At best Ramsay and Swinton have made two movies: the one about Reality, however uncomfortable, and the one about Comic Book Evil.  As much as I think I know about psychology, I am at a loss to understand the probable origins of a psychopath.  But as I watched this movie, I remained unconvinced, not by its thesis (with which I tend to agree in part) - that psychopaths are born seriously damaged and then nurtured by rejecting, obsessive, controlling parents – but by the detail: namely, that everything that could be dysfunctional, is.  Everything.  This is a family that doesn’t have a chance.  There is no nurturance to be found between them or in the usual social supports: school, doctors, neighbors.  Not even the birth of a normal sister a few years later is enough to make clear that Kevin is not just a playful boy.  Nobody seems to see it, and the mother is unable to wake anybody up to the obvious - very likely out of her own guilt.  Her husband, played by a putty-brained John C. Reilly, is no help, for about whom it could be fairly said: “He walked through life with opaque rose-colored glasses, the better not to see with.”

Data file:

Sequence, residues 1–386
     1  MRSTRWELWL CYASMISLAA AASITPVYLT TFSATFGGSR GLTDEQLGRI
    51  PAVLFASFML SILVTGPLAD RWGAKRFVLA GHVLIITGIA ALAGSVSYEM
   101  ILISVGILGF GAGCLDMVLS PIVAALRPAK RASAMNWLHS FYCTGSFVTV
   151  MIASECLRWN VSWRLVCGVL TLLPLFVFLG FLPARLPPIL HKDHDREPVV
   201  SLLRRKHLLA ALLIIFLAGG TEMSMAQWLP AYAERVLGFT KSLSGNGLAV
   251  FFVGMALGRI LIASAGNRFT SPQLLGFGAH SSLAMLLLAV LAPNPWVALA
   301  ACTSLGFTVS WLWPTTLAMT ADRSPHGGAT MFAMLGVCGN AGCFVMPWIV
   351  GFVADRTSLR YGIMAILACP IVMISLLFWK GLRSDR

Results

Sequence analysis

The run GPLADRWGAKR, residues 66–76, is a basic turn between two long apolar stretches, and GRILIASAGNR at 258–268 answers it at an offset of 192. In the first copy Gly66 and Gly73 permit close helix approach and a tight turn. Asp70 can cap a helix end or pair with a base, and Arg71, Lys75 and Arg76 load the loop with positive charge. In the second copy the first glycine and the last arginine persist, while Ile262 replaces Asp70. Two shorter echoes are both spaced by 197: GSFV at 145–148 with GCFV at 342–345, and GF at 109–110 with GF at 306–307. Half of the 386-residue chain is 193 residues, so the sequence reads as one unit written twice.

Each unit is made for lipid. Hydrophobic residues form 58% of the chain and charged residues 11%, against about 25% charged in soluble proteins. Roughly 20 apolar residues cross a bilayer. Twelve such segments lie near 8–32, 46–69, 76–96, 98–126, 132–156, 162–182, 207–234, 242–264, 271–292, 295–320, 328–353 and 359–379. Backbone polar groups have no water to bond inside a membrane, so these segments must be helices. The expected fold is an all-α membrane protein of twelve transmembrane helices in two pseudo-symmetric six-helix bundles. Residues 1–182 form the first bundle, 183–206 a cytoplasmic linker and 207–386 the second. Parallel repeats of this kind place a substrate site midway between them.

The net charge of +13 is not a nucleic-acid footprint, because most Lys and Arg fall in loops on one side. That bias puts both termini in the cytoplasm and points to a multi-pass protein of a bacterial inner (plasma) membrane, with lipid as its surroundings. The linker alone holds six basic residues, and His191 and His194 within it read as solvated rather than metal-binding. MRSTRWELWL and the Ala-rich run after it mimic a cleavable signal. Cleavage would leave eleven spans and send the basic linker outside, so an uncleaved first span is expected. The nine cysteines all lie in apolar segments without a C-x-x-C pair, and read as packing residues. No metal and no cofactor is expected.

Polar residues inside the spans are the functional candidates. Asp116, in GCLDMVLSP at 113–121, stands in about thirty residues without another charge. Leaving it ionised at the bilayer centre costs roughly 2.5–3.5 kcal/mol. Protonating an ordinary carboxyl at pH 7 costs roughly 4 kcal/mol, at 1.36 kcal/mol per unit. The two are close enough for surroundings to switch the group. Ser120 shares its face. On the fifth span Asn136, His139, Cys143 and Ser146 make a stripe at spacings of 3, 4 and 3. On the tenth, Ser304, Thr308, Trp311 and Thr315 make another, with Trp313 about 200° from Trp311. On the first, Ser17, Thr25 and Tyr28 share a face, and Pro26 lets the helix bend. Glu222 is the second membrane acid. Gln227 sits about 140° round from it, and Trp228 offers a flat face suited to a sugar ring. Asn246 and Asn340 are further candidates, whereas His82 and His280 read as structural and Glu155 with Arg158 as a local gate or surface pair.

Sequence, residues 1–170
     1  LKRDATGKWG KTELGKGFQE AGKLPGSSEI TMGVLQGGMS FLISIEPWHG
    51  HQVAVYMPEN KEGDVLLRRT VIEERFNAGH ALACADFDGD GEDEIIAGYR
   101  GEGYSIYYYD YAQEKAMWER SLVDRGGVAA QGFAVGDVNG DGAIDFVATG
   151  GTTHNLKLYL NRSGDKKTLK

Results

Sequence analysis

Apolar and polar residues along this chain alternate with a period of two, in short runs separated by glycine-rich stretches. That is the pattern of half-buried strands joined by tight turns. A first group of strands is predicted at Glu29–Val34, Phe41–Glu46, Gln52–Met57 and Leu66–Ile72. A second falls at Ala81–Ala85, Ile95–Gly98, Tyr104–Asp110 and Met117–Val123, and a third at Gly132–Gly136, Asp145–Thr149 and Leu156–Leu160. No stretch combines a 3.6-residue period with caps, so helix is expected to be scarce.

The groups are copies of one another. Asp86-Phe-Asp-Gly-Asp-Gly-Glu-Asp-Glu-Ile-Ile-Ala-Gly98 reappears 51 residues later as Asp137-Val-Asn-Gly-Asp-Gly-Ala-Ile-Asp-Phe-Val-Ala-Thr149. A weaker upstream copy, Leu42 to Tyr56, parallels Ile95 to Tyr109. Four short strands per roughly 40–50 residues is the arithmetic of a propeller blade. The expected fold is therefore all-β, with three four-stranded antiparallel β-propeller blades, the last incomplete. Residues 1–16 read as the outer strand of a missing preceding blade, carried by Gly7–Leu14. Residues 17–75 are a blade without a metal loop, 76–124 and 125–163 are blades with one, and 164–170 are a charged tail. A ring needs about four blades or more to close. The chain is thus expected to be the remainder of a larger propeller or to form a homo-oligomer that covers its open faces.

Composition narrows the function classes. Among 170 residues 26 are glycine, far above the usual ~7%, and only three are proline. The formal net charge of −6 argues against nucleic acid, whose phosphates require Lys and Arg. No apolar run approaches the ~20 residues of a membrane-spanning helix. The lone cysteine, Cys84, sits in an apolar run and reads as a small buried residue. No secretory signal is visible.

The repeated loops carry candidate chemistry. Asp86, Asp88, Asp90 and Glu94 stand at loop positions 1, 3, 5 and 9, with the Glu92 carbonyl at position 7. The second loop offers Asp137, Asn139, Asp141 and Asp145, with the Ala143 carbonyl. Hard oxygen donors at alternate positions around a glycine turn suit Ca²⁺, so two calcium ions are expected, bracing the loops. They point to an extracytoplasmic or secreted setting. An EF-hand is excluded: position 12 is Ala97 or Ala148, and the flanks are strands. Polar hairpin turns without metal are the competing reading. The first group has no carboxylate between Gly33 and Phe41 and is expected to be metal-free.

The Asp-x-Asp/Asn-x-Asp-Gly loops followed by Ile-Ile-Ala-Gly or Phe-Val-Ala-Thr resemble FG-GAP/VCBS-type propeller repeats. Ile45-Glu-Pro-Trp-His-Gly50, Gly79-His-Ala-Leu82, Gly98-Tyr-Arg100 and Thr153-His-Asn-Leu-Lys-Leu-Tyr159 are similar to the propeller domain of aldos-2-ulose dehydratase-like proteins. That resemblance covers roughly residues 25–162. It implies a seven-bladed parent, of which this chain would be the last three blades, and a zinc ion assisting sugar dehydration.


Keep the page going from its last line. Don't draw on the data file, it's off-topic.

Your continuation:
Since the film is told from a point in time not long after Kevin does the nasty deed, we see Eva trying to make a go of it without moving to another town.  This may seem to take great courage but really it’s just her way of atoning for her child and her own guilt.  This is one of the stronger themes of the film, but the reaction of the town – and the courts – are too draconian in the first instance and too lenient in the second to be believed. . . which, as I say, is too bad considering how much effort went into making Eva compelling, even if not sympathetic.